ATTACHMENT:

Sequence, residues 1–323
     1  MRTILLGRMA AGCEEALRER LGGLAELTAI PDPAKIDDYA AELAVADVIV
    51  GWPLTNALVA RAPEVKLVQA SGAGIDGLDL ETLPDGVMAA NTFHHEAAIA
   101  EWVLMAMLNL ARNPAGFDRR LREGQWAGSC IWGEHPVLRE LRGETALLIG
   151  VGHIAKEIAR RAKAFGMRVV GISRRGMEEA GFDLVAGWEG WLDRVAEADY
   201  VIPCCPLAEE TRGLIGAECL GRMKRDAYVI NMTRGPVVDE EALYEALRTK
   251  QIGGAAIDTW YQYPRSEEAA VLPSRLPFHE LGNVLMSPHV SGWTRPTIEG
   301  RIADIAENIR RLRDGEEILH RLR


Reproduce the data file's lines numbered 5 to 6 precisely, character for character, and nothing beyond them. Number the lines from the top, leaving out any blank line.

   151  VGHIAKEIAR RAKAFGMRVV GISRRGMEEA GFDLVAGWEG WLDRVAEADY
   201  VIPCCPLAEE TRGLIGAECL GRMKRDAYVI NMTRGPVVDE EALYEALRTK